Kathmandu doesn’t make sense, and that’s the beauty of itWhy should I live in Nepal, when so many here seem to be sprinting from the country as fast as they can?
Walking down the dusty road from Kupondole to Thapathali is a visceral experience for a foreigner. There are the mangled roads left in Melamchi Project’s aftermath, the freshly ground jeera wafting through the air, the monger selling various forms of fish, dead or alive—then there’s the tinkers, the tailors, the soldiers, the cops, the ragamuffin mongrels roaming around.
By the time the Bagmati bridge is reached, more humanity has been seen than in a day where I come from. The quotidian 10-minute walk is something I never thought could become normal, and I’m coming to think it has become as quotidian as brushing one’s teeth. There’s tea-slurping old men with cigarettes, firmly placed in the fingers, close to the knuckle murmuring to each other. There’s the chime of the bells as people give prasad to Hanuman on the corner. There’s the dodging of the vehicles being driven by people with questionable skill. There’s the stench of the Bagmati.
Kathmandu is worlds away from where I once was. Every morning, come 7:30, I would be bumper-to-bumper on the Harbour Bridge from Auckland’s North Shore to its centre. I would listen to the radio, listening to the predictable and at-times trivial circadian issues of politics and sport. The rugby team does well, the politician does something wrong. Arrive at work, do the same thing every day—churn, churn, churn some more, then burn out.
But here in Kathmandu, every day is different. When the walk seems to become predictable, Kathmandu creeps up and bashes me over the head. Perhaps the road has been lifted again, and there’s a troop of people working on it. Perhaps there’s a fleet of dogs swimming through the Bagmati, maybe a dead cow or some kids bathing. Perhaps, on a lucky day, the Himalayas will poke their faces from above the smog and grace the Valley with their omnipotent glory.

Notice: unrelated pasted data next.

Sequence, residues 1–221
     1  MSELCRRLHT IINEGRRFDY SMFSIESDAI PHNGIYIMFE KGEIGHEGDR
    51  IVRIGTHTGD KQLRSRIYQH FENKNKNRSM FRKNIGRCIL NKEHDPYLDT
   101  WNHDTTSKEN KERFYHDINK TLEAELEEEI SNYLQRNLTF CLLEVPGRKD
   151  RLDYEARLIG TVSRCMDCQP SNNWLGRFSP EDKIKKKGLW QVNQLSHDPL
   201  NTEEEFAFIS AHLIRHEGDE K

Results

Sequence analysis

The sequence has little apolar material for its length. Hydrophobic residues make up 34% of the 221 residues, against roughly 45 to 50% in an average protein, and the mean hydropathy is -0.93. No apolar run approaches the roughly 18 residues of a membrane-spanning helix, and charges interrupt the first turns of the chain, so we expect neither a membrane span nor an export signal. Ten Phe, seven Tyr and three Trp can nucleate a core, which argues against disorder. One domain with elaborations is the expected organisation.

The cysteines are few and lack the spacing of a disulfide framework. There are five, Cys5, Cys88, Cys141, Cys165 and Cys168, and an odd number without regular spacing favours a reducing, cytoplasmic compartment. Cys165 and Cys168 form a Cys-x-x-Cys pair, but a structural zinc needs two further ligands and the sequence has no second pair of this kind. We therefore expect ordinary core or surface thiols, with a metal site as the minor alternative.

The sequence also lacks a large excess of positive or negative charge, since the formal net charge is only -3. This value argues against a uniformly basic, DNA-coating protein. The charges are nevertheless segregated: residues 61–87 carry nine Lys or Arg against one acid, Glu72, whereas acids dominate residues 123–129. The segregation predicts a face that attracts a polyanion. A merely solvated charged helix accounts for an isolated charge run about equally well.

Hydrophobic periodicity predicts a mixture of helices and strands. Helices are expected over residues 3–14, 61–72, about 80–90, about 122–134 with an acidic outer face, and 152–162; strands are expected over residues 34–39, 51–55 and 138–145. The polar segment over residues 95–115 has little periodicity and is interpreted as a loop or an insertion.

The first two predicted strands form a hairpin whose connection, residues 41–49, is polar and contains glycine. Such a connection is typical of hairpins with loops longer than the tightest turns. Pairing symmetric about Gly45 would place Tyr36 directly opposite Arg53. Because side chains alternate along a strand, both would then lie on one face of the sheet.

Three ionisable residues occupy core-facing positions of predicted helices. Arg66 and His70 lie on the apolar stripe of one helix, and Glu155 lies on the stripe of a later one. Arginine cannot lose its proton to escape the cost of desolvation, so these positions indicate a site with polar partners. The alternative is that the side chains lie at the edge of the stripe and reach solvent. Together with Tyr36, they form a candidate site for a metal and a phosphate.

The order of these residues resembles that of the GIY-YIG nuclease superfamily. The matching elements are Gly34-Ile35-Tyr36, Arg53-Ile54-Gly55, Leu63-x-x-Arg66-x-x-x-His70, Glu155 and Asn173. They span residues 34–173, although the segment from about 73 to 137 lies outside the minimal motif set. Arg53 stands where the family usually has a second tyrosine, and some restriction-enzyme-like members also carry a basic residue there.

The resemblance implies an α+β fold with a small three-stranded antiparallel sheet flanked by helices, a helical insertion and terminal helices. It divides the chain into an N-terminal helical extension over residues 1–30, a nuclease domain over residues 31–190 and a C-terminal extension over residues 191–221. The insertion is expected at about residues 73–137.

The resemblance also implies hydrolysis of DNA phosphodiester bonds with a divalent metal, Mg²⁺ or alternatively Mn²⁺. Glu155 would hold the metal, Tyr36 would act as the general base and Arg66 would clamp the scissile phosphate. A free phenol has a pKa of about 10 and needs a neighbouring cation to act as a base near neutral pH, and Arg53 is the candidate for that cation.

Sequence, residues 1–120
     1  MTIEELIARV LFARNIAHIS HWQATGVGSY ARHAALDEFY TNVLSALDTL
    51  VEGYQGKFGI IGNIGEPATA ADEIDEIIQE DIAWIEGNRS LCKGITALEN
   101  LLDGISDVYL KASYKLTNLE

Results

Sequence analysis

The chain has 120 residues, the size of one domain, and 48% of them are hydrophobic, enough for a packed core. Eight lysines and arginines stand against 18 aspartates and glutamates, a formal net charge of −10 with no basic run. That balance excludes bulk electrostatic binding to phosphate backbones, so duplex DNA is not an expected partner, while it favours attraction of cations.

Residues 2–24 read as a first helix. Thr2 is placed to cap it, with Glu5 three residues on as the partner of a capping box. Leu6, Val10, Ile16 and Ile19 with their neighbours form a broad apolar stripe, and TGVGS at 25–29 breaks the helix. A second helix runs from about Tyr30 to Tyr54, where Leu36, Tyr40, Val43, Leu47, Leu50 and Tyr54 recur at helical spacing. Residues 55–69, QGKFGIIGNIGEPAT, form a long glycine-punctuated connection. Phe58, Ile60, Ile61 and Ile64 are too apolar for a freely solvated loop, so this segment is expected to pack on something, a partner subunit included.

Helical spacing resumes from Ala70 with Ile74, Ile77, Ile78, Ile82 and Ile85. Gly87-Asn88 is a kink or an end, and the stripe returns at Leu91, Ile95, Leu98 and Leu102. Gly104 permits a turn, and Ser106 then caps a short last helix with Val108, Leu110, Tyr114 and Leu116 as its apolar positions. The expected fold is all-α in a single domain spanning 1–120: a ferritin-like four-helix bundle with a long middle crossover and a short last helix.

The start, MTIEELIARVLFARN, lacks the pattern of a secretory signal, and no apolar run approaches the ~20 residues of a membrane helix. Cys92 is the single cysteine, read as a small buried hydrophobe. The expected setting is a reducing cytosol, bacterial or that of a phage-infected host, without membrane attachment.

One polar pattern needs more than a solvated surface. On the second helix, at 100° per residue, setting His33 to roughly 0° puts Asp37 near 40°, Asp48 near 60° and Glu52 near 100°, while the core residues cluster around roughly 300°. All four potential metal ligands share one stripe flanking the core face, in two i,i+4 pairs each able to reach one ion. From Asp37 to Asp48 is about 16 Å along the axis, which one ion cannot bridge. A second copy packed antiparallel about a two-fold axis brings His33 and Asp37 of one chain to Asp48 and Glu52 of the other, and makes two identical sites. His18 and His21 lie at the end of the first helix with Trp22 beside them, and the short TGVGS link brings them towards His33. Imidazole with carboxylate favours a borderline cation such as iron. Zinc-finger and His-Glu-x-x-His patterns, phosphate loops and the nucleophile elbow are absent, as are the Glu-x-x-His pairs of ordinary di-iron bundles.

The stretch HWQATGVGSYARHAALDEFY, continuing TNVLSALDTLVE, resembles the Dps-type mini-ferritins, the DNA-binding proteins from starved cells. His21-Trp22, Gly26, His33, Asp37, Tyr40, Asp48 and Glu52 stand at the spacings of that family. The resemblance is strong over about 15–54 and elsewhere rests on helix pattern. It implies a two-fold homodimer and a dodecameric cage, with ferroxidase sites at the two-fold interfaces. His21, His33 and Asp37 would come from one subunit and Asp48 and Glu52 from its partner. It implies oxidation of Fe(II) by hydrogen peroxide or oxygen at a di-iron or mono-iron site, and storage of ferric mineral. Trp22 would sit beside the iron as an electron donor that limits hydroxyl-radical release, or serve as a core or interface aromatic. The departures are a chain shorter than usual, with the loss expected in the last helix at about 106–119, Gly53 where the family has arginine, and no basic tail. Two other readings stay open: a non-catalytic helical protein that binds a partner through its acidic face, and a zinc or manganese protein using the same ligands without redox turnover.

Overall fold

Having lived in Kathmandu for a sum of 18 months, and working here for a year, I’ve not gotten used to the place. I don’t think I ever really want to. This country bestows knowledge upon inquisitive outsiders and pours until their cups runneth over. There are the complexities of the incalculable cultures, the dichotomy of super-rich and super-poor, the hypocrisy of the politics. There’s the side that seems to be hidden from tourists, and it’s that side of the country that keeps me so interested.
Why should I live in Kathmandu, when so many here seem to be sprinting from the country as fast as they can? This is a question put to me by just about every stranger who comes to know I live and work here. It’s a question that I ask myself, on the bad days, but it’s a question that can only be answered by taking a look at this city.
The conversation typically goes like this, following an argument with a taxi driver trying to fleece me because I’m a kuire.
“Where you from?” the taxi driver asks.
“New Zealand,” I say.
“How long will you be here? One month?”
“Yaha basne,” I often reply, trying to make sure they don’t try to fleece me anymore.